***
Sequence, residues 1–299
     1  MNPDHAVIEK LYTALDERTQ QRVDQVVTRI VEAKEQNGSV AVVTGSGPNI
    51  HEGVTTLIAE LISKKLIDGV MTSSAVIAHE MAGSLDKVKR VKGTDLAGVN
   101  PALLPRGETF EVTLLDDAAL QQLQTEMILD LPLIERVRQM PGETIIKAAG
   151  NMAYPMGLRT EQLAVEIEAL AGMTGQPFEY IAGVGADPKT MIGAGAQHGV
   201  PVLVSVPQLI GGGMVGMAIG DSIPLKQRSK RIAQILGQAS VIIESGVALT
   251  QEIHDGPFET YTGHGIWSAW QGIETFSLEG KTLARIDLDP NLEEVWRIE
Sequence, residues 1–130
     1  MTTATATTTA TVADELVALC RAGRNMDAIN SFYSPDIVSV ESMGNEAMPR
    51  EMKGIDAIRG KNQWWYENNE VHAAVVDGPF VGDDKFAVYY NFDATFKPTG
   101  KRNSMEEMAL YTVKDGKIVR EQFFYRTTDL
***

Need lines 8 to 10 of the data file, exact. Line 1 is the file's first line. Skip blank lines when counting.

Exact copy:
Sequence, residues 1–130
     1  MTTATATTTA TVADELVALC RAGRNMDAIN SFYSPDIVSV ESMGNEAMPR
    51  EMKGIDAIRG KNQWWYENNE VHAAVVDGPF VGDDKFAVYY NFDATFKPTG